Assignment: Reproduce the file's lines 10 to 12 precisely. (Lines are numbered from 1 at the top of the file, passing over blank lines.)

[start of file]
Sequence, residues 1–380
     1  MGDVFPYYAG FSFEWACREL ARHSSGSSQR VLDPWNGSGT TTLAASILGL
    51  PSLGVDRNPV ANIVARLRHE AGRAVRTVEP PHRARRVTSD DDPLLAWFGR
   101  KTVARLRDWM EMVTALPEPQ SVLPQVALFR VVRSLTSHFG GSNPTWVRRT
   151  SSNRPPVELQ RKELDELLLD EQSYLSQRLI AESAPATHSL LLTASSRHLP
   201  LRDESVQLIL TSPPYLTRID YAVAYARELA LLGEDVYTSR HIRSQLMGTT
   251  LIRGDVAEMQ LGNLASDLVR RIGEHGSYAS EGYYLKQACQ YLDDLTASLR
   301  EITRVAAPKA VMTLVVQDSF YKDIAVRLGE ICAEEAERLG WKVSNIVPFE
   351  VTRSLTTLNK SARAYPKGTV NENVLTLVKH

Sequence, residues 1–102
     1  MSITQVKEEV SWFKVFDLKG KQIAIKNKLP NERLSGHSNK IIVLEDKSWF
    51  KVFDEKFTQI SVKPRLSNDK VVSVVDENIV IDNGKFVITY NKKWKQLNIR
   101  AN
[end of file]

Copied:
Sequence, residues 1–102
     1  MSITQVKEEV SWFKVFDLKG KQIAIKNKLP NERLSGHSNK IIVLEDKSWF
    51  KVFDEKFTQI SVKPRLSNDK VVSVVDENIV IDNGKFVITY NKKWKQLNIR